Now, choose a bit you’re fond of, a bit that looks particularly attractive, a bit that you use all the time, a bit that without which will mean a complete and total lifestyle change, a bit that seems to be completely necessary for whatever brings you the most joy in your life, a bit that somehow inside your head is a part of what makes you YOU.
Have you chosen it? Are you picturing that bit? Are you sure?
Hack it off. I don’t mean actually take a saw to your body, but I want you to really try to imagine what it would be like for that bit to be gone.
Define yourself now!
Do you need something to help you now? Cane? Crutches? Wheelchair? Prosthetic? Something to hold your spoon and toothbrush?
Do you need a caregiver to do things to you or for you?
Are people looking at you the same? Are you sure? Cause the *poor you sad face* is not a conscious thing to make; the rest of the face can say *hey friend* while the *poor you sad face* shines irritatingly from just the eyes.
Are they treating you the same? Are you sure?!
What is sleeping like? Driving? Doing dishes and cooking? Cleaning? Moving from here to there?
What are showering and dressing like? Can you do them by yourself? Are you sure?
How has work changed? Can you even get to your workspace anymore? Are your coworkers going to look at and treat you the same? Are they really?!
Can you open doors? Cabinets? The fridge and pantry? Food containers? The car and all its doors?
What is it like to go shopping? To a restaurant? To a public bathroom? To a concert or bar? On a date?
What’s it like to park in the handicap spots because you’re handicapped now? What’s it like to not park in the handicap spot because someone who doesn’t need it but was in a big hurry and was only going to be 5 minutes did park in that spot you actually needed?
How has your relationships with your spouse or significant other changed? Trust me, there can’t be trauma like that without impacting your relationship somehow. What about relationships with your children, friends, and family?
What is it like to have someone look at the what’s not there knowing it used to be (there)?
What is it like to have someone touch what is left?
What is it like to look at yourself in the mirror… naked?
What do you feel about yourself as a person without that bit of you there?
For the last 7 months I have lived everyday under the umbrella of those very questions. Because I don’t have a prosthetic at this point, I’ve grown used to being “the one legged woman” because I didn’t think I could think of myself as “Legs” anymore. I was the ballet dancer in pink tights and a black leotard with the long legs. I was the chick at the gym lifting weights in cute shorts and the toned legs. I was the girl laying by the pool or walking down the beach in a bikini and a sarong with the gams and sandy, freckled legs. I was the teacher who wore pretty little dresses, sexy high heels, and fabulous accessories being hated by the moms who never bothered getting out of their pajamas because they could see my fit legs. I was the one at the club who danced the night away with crazy legs. My legs were a big part of all that I was and I thought I had to reframe my concept of self because a foot is no longer there.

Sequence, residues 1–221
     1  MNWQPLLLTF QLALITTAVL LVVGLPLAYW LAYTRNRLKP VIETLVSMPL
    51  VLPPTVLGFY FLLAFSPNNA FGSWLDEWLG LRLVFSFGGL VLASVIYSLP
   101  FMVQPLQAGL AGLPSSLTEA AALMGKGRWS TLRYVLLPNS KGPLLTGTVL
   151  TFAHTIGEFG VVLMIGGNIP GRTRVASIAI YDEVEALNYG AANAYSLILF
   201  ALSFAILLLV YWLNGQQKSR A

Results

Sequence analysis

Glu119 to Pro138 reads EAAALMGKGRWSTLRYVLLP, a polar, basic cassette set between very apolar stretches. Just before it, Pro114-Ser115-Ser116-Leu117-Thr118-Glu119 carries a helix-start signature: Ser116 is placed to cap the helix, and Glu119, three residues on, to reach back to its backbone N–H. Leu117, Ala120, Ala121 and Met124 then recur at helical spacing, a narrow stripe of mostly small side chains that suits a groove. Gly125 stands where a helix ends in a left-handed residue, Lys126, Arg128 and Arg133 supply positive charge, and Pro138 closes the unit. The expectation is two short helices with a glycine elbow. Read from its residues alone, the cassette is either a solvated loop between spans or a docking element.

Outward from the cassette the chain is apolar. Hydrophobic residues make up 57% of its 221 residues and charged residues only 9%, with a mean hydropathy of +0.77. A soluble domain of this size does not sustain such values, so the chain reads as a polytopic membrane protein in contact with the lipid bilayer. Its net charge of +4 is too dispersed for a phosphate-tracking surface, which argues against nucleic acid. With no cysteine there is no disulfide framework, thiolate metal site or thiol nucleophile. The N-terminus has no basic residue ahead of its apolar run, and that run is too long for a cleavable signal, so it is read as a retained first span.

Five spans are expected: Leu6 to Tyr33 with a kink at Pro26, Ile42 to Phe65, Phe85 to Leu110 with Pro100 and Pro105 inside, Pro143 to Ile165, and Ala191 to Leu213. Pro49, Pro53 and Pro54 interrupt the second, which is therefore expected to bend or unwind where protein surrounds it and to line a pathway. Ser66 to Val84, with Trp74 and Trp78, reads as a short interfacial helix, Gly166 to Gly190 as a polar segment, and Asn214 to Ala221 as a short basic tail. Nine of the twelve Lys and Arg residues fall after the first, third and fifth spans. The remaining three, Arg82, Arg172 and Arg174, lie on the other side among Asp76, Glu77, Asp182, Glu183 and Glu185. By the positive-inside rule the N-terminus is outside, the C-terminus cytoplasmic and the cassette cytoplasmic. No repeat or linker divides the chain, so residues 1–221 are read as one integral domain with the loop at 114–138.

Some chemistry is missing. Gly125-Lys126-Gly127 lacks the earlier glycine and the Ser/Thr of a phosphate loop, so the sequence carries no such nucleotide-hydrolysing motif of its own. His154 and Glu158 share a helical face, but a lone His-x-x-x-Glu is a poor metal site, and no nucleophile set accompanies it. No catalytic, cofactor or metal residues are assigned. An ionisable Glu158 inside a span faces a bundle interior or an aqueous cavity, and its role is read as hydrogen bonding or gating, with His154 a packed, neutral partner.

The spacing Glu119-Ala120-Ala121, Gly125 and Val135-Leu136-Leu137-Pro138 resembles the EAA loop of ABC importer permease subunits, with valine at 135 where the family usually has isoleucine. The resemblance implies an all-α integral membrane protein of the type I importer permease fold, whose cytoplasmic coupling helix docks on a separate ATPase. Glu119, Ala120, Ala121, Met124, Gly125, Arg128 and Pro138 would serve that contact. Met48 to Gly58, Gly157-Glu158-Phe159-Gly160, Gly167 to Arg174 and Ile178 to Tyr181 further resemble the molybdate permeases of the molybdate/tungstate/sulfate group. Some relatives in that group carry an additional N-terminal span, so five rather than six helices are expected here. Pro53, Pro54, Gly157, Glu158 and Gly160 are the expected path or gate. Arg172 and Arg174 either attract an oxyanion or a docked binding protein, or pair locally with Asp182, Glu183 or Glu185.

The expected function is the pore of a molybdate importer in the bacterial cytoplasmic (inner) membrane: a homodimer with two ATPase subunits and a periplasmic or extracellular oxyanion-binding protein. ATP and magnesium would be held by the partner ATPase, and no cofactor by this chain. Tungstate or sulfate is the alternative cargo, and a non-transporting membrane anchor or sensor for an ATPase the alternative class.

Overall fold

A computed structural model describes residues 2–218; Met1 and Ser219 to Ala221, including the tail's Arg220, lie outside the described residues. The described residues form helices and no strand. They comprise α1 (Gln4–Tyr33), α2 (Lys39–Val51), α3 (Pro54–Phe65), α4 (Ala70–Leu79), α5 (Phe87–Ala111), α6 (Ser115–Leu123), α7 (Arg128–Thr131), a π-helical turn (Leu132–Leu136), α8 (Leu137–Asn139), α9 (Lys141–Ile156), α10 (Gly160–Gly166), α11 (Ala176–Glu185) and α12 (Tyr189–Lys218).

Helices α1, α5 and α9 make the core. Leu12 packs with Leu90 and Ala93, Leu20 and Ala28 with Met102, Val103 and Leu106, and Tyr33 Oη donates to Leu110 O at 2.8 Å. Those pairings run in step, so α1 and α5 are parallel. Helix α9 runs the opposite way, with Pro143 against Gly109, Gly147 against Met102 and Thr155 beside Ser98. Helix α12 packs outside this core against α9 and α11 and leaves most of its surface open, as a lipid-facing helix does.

Except that in my reframing and reevaluation I managed to miss something important. Granted, part of one leg is negative space at the moment but negative space isn’t a negative thing. The leg is seen in the reflection of it’s pair. The leg is seen in the space below the knee where the prosthetic will eventually go. It is absent but it will not be a permanent absence, not really. It’s negative space for now until it won’t be negative space anymore. There’s still a symmetry and a balance. My body feels them and it’s not fighting or hurting itself trying to find them. If my body can feel the symmetry and find the balance, what’s stopping my mind?
One part is negative space, but so what?
(Henri Matisse. Danseuse Bleue, 1952. Retrieved from The Art Stack on 15 Nov 2017.)
Henri Matisse never had a problem with negative space. He invented an entirely new style of art using negative space as the focal point. He didn’t cut away what wasn’t there, he cut away what was.
Should I have a problem with my negative space?
Should I let the absence of something hold me prisoner?
“An artist must never be a prisoner. Prisoner? An artist should never be a prisoner of himself, prisoner of style, prisoner of reputation, prisoner of success, etc.” ~Henri Matisse
I thought I was missing a part of myself yet somehow Al showed me that I’m not actually missing anything at all.
It was amusing.
It was unexpected.
It was refreshing.
And as it turns out I’m still Legs…
Legs for days.
Originally published 15 November 2017.